- Dissecting the SQL Injection Tools Used By Hackers – blog.imperva.com
Recently, during a presentation to a group of security professionals, an impromptu poll was taken asking attendees whether they were familiar with Havij, a SQL injection tool used heavily in the hacking community.
- Web tool checks if your Mac is Flashback-free – cnet.com
Have you been put off by the work required to find out if your machine is one of the unlucky ones infected with the Trojan? There’s a new Web app that will check your Mac.
- Intersect version 2.5 update – github.com
Intersect is a post-exploitation framework written in Python. The main goal of this project is to assist penetration testers in the automation of many post exploitation and data exfiltration tasks that they would otherwise perform manually. With the Intersect framework, users can easily build their own customised scripts from the pre-built templates and modules that are provided or they can write their own modules to add additional or specialised functionality. As of the time of writing, there are almost 30 separate modules to choose from and more are added almost daily.
- Mercury: An Open Source Android Assessment Framework! – labs.mwrinfosecurity.com
Mercury is a framework that provides interactive tools that allow for dynamic interactions with the target applications running on a device.
- windows privilege escalation via weak service permissions – travisaltman.com
When performing security testing on a Windows environment, or any environment for that matter, one of the things you’ll need to check is if you can escalate your privileges from a low privilege user to a high privileged user.
- Another Approach To Tracking ReadFile – dvlabs.tippingpoint.com
We often receive fuzzed file submissions, which at times can be agonizing to analyze. Tools help a lot here, as we have shown in previous posts, such as with Peter’s awesome write up on hooking ReadFile and MapViewOfFile.
- Apple Mac
- Apple patches Mac Java zero-day bug – Computerworld – computerworld.com
Apple yesterday released a Java update for Mac owners that fixes a dozen security flaws, including one that has been exploited by attackers for at least two weeks.
- Mac Flashback Exploiting Unpatched Java Vulnerability – f-secure.com
A new Flashback variant (Mac malware) has been spotted exploiting CVE-2012-0507 (a Java vulnerability). We’ve been anticipating something like this for a while now.
- More than 600,000 Macs infected with Flashback botnet – news.cnet.com
Russian antivirus company says half the computers infected with malware designed to steal personal information are in the U.S. — with 274 located in Cupertino.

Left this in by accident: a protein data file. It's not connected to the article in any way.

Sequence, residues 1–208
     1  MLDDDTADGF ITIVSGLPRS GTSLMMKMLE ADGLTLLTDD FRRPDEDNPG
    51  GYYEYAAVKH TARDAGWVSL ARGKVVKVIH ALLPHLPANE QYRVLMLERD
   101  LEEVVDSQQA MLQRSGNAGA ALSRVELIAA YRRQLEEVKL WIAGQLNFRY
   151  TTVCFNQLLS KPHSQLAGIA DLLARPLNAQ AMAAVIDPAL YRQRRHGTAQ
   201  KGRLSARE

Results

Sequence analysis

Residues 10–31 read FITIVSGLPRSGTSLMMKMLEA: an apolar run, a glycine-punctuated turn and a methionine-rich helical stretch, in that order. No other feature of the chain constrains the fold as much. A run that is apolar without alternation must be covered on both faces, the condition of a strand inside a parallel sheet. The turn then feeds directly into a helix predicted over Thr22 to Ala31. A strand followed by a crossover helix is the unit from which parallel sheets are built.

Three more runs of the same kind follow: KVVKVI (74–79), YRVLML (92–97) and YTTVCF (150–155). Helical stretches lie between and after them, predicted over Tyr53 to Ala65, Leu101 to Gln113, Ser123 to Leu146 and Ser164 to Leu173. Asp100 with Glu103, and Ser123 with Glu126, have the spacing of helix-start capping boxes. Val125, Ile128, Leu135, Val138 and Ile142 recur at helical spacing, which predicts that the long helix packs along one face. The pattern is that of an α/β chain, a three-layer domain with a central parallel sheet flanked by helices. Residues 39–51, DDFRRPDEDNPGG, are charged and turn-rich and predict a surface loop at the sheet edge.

- Mac Flashback Trojan: Find Out If You’re One of the 600,000 Infected – lifehacker.com
There’s a new Mac trojan that’s been floating around, and it’s terrifying everyone.
- 600,000+ Macs are in this botnet, including 274 in Cupertino – nakedsecurity.sophos.com
For the second time in a year there appears to be widespread malware infections affecting users of Apple’s OS X operating system.
- Apple’s security code of silence: A big problem – news.cnet.com
Security industry insiders have long known the Mac platform has its holes. The Flashback Trojan is the first in-the-wild issue that’s confirmed this, and big-time. More will follow unless Apple steps up its game.
- Flashback the largest Mac malware threat yet, experts say | Security – CNET News – cnet.com
Congratulations, Apple. The Mac is now popular enough to attract major attention from the bad guys.
- Credit Card Hacks
- Up to 1.5M credit card numbers stolen from Global Payments – news.cnet.com
Payments processor believes no names, addresses, or Social Security numbers were stolen in the security breach.
- Hackers can steal credit card data from used Xbox 360s – zdnet.com
Security researchers at Drexel University and Dakota State University say they can extract credit card information from Microsoft Xbox 360s even after they have been restored to factory settings.
- Global Payments: 1.5MM Cards Exported – krebsonsecurity.com
Global Payments, the credit and debit card processor that disclosed a breach of its systems late Friday, said in a statement Sunday that the incident involved at least 1.5 million accounts.
- Most Popular Internet Sites Consistently Serving Up Malware – darkreading.com
According to a new malware report issued last week by Barracuda Labs, 58 of the sites listed among Alexa’s top 25,000 most popular websites are delivering drive-by downloads of malicious code, potentially affecting millions of users each day.
- New Android Malware Variant Can Remotely Root Phone – threatpost.com